Honey
DC rock trio Honey has a sound that’s much fuller than their lineup of guitar, drums and bass alone might lead you to think. I got to play with them once and what I realized is they are perfectly balanced; none of the voices are competing with one another. The chorus heavy guitar gives a real sense of depth, allowing the melodies in both the bass and vocals to stand out and the drums fill in the space between. From that show at Looking Glass Lounge to their EP release, they’ve come a long way in a short while. Doors at 8:30 p.m. Tickets are $8. DC9: 1940 9th St. NW, DC; www.dc9.club

SUNDAY, JULY 8

The Miseducation of Lauryn Hill 20th Anniversary Tour
For fans of hip hop and neo-soul, Lauryn Hill is a household name, along with Erykah Badu and D’Angelo. Hill’s debut record The Miseducation of Lauryn Hill propelled her to international stardom in a way no one could have predicted. Twenty years later, Hill is touring the record most responsible for her enduring legacy once again. Her live shows have been said to lack the swagger you hear on the record, but hopefully the Hill from the studio will show up for this one. Doors at 6 p.m. Tickets start at $20. Jiffy Lube Live: 7800 Cellar Door Rd. Bristow, VA; www.livenation.com

Rodriguez Jr.
Rodriguez Jr. is the latest project from south of France native Olivier Mateu. Previously he’s made music with the Youngsters, but Rodriguez Jr. seems to be the best iteration of his production yet. He makes dance music informed by both vintage synthesizers and avant-garde western art music, from Satie to Stockhausen. The latter influences are not clear, given how danceable the music is. Maybe they’re related in an emotional sense, but I find Rodriguez Jr. as more of a cinema-informed electronic musician. Doors at 4 p.m. Tickets $8. Flash: 645 Florida Ave. NW, DC; www.flashdc.com

MONDAY, JULY 9

The Octopus Project
The Octopus Project, if you couldn’t tell from the name, are an incredibly hipster group, as hipster as the Wes Anderson movies their music videos feel inspired by. That said, I’m excited for these psychedelic rockers to come through DC. From Austin, Texas, they describe themselves as indietronica for the number of synthesizers they use and their role in shaping the sound – though it’s a label which only becomes apparent after you hear it spoken. Doors at 7 p.m. Tickets $13. Union Stage: 740 Water St. SW, DC;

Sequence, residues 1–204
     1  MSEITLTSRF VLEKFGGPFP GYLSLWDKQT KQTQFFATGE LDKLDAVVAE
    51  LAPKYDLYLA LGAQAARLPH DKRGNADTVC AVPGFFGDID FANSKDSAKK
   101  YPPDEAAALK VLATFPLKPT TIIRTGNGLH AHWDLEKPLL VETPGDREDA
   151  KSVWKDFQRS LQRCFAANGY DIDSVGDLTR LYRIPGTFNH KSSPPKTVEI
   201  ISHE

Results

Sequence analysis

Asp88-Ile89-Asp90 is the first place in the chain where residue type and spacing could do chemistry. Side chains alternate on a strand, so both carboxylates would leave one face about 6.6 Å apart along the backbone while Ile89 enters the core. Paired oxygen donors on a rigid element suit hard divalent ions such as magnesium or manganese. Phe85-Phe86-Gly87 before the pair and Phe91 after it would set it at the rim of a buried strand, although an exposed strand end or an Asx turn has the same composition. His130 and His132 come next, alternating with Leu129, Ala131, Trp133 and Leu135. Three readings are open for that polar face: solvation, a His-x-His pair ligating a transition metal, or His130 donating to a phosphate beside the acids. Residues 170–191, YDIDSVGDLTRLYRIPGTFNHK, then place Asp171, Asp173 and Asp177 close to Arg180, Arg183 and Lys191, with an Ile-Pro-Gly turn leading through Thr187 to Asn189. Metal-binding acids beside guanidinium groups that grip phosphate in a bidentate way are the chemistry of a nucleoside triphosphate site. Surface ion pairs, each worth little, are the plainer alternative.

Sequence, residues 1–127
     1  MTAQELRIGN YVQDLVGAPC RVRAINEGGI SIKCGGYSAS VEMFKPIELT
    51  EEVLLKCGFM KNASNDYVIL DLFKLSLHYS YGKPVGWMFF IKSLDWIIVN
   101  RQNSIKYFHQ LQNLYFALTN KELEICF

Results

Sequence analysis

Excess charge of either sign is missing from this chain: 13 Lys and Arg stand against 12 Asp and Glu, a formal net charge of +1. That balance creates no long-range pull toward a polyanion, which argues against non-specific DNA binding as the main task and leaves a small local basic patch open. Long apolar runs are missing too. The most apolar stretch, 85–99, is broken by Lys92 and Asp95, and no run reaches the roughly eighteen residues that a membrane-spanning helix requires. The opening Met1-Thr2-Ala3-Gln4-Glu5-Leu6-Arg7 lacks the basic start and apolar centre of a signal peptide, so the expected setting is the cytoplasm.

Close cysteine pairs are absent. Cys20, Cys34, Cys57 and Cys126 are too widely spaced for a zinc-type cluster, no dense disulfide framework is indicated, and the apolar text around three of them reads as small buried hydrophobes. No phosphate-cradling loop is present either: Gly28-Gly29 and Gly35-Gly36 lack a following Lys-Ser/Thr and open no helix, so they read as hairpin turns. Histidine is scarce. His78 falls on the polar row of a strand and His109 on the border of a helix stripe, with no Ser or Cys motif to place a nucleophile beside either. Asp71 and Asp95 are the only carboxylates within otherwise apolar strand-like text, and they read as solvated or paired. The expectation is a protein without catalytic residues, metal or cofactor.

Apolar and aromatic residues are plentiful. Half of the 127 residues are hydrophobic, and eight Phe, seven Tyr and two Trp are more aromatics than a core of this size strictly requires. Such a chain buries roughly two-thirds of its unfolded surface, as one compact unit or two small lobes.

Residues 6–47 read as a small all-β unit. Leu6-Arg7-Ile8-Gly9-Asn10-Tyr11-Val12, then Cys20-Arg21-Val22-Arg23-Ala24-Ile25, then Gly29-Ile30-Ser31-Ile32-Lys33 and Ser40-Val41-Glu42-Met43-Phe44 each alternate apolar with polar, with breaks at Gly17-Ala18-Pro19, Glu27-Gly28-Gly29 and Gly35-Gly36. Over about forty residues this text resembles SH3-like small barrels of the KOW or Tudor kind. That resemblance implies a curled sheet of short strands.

www.unionstage.com

WEDNESDAY JULY 11

Dent May
The “softest boy in Mississippi” is bringing “Across the Multiverse” to our neck of the woods this month on his tour supported by singer, guitarist Shannon Lay. This is his first release since making the move to Los Angeles, and for the label Carpark Records; he was previously signed to Animal Collective’s Paw Tracks label for his debut album in 2009. Across the Multiverse provides some chill, beachy summer vibes and May knows it. He even added some beer cozies and SPF 15 ChapStick to his merch offerings to emphasize the feeling, or perhaps as a nod to his own habit of applying lip balm every five minutes. Upon first listen to his newest album, this multi-instrumentalist, producer and self-described hotel bar lounge singer, gives me Elton John vibes with leading track “Hello Cruel World,” though his haircut and specs may have solidified that comparison a little more than I’d like to admit. Nevertheless, it’ll be a great show. 8 p.m. Tickets $12. Jammin Java: 227 Maple Ave. Vienna, VA; www.jamminjava.com

SATURDAY JULY 14

Now, Now